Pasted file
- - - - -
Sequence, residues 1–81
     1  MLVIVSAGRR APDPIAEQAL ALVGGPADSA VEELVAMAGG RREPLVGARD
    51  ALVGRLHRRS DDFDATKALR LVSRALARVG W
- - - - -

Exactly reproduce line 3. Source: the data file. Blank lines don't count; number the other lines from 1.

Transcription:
    51  ALVGRLHRRS DDFDATKALR LVSRALARVG W